In August, President Obama announced that the U.S. Departments of Agriculture, Energy and Navy will invest up to $510 million over the next three years to produce biofuels for aviation and marine vehicles, making drop-in biofuels a national priority.
The Navy alone would need 336 million gallons of drop-in advanced biofuel each year to meet their target of obtaining half of their energy from alternative sources by 2020.
Scientists at the GLBRC are using synthetic biology and E. coli bacteria to generate the cellulosic biofuel technologies needed to meet this massive call for drop-in fuels.
Read the full story.
Heating the Midwest, a group of dedicated volunteers aim to improve awareness of and opportunities for renewable resources. See their new web site for more information and to get involved: http://heatingthemidwest.org/.
The Wisconsin Sustainable Planting and Harvest Guidelines for Nonforest Biomass is a collaborative effort of the WDNR, DATCP and UW-Madison to encourage decision-making and land use practices that benefit farmers financially while protecting the state’s natural resources. The final version of the guidelines has been released and can be found here.
The Agricultural Ecosystems Research Group (AERG) has begun a new long-term project for expanding grass-based agriculture in Wisconsin. Taking a working lands approach involving regional partnerships among communities, industry, researchers and other partners, the project aims at planning and implementation of “grass-sheds”. A grass-shed is a geographic area of perennial grass-based agricultural development. The purpose of a grass-shed is to stimulate production of and demand for perennial grass-based feed (e.g., grass-fed beef and dairy), bioenergy? (e.g., grass pellets for furnaces and boilers), and fiber (e.g., animal bedding) within local and/or regional markets while increasing environmental quality and community benefits at local levels and beyond.
“Farmers and others produce perennial grasses? across Wisconsin for a variety of purposes including pasture, haying, bioenergy production, fish and wildlife conservation, and soil and water protection,” says Carol Williams, AERG co-coordinator, research scientist at the University of Wisconsin – Madison, and originator of the grass-shed concept. “However, as demand for grass-based materials increases over time there may be potential trade-offs? among end-uses and environmental outcomes, or alternatively there may be expansion of grass acres in such a way that invites fewer trade-offs.”
A grass-shed is a shared approach for identifying opportunities for local market-driven expansion of grass acres while limiting competition with other agricultural production needs at larger scales. The key is finding locations suitable for grass production not only in terms of site conditions but also in terms of economic competitiveness. The grass-shed approach seeks to achieve economic competitiveness by promoting greater demand for grass-based products and materials as well as the environmental and community benefits that grass-based agriculture generates.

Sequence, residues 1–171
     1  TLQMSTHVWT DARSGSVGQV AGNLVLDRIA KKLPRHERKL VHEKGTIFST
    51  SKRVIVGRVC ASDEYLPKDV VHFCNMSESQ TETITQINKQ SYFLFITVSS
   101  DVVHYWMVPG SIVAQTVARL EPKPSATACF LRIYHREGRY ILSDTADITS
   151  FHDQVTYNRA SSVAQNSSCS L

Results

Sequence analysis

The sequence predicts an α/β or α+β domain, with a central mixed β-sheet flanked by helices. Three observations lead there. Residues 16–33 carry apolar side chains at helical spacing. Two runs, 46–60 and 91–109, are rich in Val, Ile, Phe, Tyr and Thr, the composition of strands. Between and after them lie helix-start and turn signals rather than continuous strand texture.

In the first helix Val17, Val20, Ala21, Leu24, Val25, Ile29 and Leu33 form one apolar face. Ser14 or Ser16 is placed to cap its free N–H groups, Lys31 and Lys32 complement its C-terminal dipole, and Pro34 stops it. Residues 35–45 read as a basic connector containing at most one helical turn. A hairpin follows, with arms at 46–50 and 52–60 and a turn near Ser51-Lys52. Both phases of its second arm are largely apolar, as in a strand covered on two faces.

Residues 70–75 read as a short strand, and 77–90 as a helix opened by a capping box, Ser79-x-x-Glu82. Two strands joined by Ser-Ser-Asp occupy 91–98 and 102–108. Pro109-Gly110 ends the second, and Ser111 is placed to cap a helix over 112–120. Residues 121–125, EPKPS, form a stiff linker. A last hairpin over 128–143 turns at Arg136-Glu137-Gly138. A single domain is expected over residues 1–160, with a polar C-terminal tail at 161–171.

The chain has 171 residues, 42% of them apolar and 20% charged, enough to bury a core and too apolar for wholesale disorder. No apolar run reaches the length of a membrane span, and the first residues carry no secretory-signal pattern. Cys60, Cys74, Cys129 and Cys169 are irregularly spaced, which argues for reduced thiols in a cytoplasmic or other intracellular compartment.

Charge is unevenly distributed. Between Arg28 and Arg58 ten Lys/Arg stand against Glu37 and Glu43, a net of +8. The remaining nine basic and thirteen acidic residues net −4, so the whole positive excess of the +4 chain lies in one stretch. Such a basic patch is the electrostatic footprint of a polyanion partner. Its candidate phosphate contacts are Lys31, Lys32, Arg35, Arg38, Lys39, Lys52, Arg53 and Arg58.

Along with increased grass production other major high-priority goals of the grass-shed approach are increased farm profitability and economic resiliency; improved environmental quality; enhanced fish and wildlife conservation; greater community and regional self-reliance; new markets and job creation; and opportunities for educational, vocational and outreach activities. Stayed tuned for updates. Comments or questions? Send your inquiries to Carol Williams.
The researchers, including Michael Casler of Madison, WI, developed the first use of near-infrared sensing (NIRS) to measure 20 components in switchgrass? biomass? that determine its potential value to biorefiners. These components include cell wall sugars, soluble sugars and lignin. With this information, 13 traits can be determined, including the efficiency of the conversion from sugars to ethanol. Read more.
The DOE & Oak Ridge National Lab have updated their landmark 2005 biomass? availability study. In their report "2011 U.S. Billion-Ton Update: Biomass Supply for a Bioenergy and Bioproducts Industry," published this August, the research team projects 1.1-1.6 billion tons of sustainable biomass is available annually for industrial bioprocessing by 2030. Read more in the article by Jim Lane, Biofuels Digest.
Growing perennial grasses? on the least productive farmland now used for corn ethanol production in the U.S. would result in higher overall corn yields, more ethanol output per acre and better groundwater quality, researchers report in a new study. The switch would also slash emissions of two potent greenhouse gases: carbon dioxide and nitrous oxide. Read more: http://news.illinois.edu/news/11/0712switch_EvanDeLucia.html.